Variable products are a really useful tool in your Woocommerce toolbelt, but there’s a bit of a learning curve in regards to setting them up. It can also be hard to get your head around how to interact with them in PHP. In this article, we’ll take a look at how and why you would set up a variable product.
What are Variable Products and when should you use them?
Let’s imagine you want to sell a napkin on your Woocommerce store, you could do this by creating a simple product and then go from there.
But what if you wanted to sell the napkin in five different colors, then you’d have to create another product for each of the different colors you wanted to sell. Let’s then imagine that you also wanted to include a napkin ring with each napkin and they also came in five different colors, that would then mean you’d have to create a new product for every napkin and napkin ring color combination.
In a situation like this variable products really come into their own, instead of creating multiple products you can create one product and then allow the user to choose the color combination they require. Once you’ve set everything up then Woocommerce will provide an interface for the customer to choose the product options they require.
Here’s an example of a variation product interface for the example above
How to set up a variable product
To view the two drop down boxes above you’ll need to perform some configuration steps first. In your Woocommerce admin area create a new product, then set the Product data drop down to be “Variable product”
Now, before we do anything else, we’ll take a moment to consider categories and attributes on a Woocommerce site.
Categories and Attributes on a Woocommerce site
On a normal WordPress blog, we would divide our posts up into categories that would allow people to drill down into specific areas of our site. For example on this site, we have a number of Woocommerce articles and a few articles about c#, if a reader wanted to see all the Woocommerce articles then they could go to the Woocommerce category page () and have a good read of the articles there.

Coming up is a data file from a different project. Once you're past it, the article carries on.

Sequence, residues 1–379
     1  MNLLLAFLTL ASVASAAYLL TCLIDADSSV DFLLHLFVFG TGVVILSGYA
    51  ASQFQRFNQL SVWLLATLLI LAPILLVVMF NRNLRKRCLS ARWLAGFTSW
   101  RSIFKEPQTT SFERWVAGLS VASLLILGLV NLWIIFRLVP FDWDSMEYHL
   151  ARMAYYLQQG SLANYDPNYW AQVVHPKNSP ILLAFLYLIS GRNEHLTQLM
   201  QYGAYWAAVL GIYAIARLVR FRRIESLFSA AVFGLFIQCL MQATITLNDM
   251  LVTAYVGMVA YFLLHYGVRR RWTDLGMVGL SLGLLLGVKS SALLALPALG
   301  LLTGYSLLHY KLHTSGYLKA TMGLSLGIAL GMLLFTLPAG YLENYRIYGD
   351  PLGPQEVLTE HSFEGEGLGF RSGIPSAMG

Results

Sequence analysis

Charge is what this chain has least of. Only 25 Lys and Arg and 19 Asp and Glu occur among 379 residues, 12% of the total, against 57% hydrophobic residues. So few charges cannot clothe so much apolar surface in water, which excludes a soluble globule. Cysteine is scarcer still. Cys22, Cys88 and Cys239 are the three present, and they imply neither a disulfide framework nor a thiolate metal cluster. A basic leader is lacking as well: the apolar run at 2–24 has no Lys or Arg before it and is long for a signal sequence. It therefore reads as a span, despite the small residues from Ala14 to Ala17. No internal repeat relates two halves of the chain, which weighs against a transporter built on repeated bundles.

On a Woocommerce site, you also have categories, so you could, for instance, have a “t-shirt” category and then if a customer came to your store looking for t-shirts they could immediately look at all the t-shirts you have for sale.
In addition to categories, Woocommerce also adds an additional way of classifying products named “attributes”, you would normally use attributes to classify products in a way that went across category boundaries. So, if you were running a clothing store you might introduce a “color” attribute and that would allow you to group all types of clothing under the same attribute. This would then allow your customers to see all the items in your store that were red, so if they came to buy a red t-shirt, they could also get themselves a pair of red socks and sandals at the same time.
Categories and Attributes and Variable Products
The reason why we went on that brief tour of attributes and categories is that they are instrumental in setting up variable products.
When we set up a variable product we need to decide what variations of the product there will be. In the example we used at the start of this article we talked about Napkins that you could buy in different colors with different color napkin rings, so let’s have a look at how we could go about setting that up as a variable product.
If we go to the “Attributes” tab of our newly created variable product then we should see something similar to the screenshot below
In the store I’m using for this example I already have two attributes, one named “Color” and one named “Size”, so we can see those two attributes in the drop-down. If I select “Color” and then click “Add” I see the following –
Now we can see two checkboxes if only the “Visible on the product page” checkbox is checked then the attributes will be listed on the product information page and it will be possible to filter/search for the product using the “Color” attribute. You can find more details about this in our article that’s dedicated to explaining how attributes work.